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“摩登时代”英文观后感

[日期:03-27] 来源:网络  作者:未知 [字体: ]

“摩登时代”英文观后感

 

  Modern Times


  
  Charlie Chaplin rages against the machines in an anti-capitalist comedy featuring the Little Tramp alongside his real-life lover and soon-to-be wife, Paulette Goddard
  
  Chaplin was in the midst of his anti-sound protest (during which he made silent films while other studios churned out talkies) when he made Modern Times - his most explicit statement against technological advancement and capitalism. It is, in fact, a quasi-sound film, but with all voices emanating from various machines instead of the actors, except for one moment when the Tramp sings a gibberish song.
  
  That the machines can talk, yet the people don't, is all part of their dehumanising effect - early on, the Tramp works flat-out on a production line and when he can't keep up, he's sucked into the machine. His repetitive movements also give him a nervous twitch, even when he's not working, turning his body into an automaton that's out of his control. His only release is a nervous breakdown, during which he wreaks havoc in the factory, finally gaining control over the machines but ending up in jail. Modern Times was made in 1936, during the Great Depression, when industrialisation brought the threat of unemployment and poverty to the masses. The film starts out with a cynical pair of shots comparing sheep spilling out of their pen to jostling city workers, but while it portrays the detrimental effects of technology, it ultimately celebrates a triumph of the human spirit. The Tramp finds a kindred spirit in the form of 'the gamin' (Goddard) and together they try to fit in, taking jobs and living in a deteriorating shack. But with the authorities watching over them, it proves difficult even when they've found perfect jobs as entertainers.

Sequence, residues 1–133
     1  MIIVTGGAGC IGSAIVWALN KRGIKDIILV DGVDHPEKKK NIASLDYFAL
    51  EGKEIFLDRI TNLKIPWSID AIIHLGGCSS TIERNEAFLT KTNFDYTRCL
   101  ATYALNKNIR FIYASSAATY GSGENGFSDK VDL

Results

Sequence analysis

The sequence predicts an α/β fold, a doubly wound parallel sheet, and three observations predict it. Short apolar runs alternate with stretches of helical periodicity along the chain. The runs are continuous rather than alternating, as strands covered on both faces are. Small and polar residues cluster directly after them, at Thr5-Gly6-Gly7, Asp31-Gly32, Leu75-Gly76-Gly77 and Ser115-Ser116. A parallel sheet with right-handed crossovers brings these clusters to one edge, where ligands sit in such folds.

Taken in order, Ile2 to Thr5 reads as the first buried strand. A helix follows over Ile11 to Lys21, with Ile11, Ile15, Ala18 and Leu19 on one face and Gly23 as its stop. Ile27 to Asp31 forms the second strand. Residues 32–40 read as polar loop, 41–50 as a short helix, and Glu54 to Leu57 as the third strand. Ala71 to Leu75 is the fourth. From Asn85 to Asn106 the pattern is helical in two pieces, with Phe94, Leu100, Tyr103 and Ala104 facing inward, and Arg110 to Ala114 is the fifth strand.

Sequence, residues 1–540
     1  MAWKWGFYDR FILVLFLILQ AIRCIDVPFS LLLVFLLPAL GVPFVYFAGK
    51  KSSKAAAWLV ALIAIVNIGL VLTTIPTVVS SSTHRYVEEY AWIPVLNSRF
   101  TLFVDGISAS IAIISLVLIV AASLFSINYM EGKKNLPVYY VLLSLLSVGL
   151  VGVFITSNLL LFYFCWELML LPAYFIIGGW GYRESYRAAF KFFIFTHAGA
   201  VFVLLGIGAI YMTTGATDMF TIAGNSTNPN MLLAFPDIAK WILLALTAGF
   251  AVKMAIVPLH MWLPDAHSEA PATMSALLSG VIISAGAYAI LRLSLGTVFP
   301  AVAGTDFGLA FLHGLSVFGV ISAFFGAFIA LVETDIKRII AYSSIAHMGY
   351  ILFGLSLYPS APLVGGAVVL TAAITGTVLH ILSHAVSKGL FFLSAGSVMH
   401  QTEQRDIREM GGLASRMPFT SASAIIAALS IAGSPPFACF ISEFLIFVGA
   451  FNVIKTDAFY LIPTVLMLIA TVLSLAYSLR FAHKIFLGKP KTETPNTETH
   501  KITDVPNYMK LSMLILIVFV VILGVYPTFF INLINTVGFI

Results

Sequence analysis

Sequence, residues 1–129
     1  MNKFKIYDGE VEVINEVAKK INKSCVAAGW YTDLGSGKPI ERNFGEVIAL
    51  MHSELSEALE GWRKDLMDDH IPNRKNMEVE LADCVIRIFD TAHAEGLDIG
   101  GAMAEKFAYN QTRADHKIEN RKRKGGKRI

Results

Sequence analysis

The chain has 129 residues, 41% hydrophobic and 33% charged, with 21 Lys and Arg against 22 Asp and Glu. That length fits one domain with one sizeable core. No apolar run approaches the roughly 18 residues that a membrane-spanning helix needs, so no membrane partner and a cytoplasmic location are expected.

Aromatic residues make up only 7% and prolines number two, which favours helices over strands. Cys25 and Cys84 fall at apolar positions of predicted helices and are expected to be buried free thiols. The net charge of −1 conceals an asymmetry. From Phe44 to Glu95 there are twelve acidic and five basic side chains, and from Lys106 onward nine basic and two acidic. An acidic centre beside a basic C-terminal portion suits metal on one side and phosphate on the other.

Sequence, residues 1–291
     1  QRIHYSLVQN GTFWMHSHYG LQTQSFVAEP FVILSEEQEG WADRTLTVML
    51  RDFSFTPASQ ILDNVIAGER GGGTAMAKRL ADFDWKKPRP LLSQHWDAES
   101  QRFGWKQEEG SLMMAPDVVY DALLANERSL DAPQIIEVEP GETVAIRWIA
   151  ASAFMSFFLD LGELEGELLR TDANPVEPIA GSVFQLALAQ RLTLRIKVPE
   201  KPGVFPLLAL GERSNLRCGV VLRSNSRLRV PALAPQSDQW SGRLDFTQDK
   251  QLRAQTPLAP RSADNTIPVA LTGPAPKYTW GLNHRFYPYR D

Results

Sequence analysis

The couple just aren't cut out for the rat race. In one early scene, the Tramp feeds some burglars in a department store he's supposed to be guarding because they're hungry people, just like he is. In the same way that Chaplin bypassed sound films by simply ignoring them, so the Tramp and the gamin avoid technology, conquering the industrial revolution by refusing to be part of it. They are “the only two live spirits in a world of automatons”.
  
  Verdict
  
  Sometimes sentimental yet highly comical, Chaplin's anti-industrialisation statement is wholly idealistic but its topical reflection on industrial paranoia still resonates today. Regarded as one of Chaplin's finest films.

 

 

 

 

 

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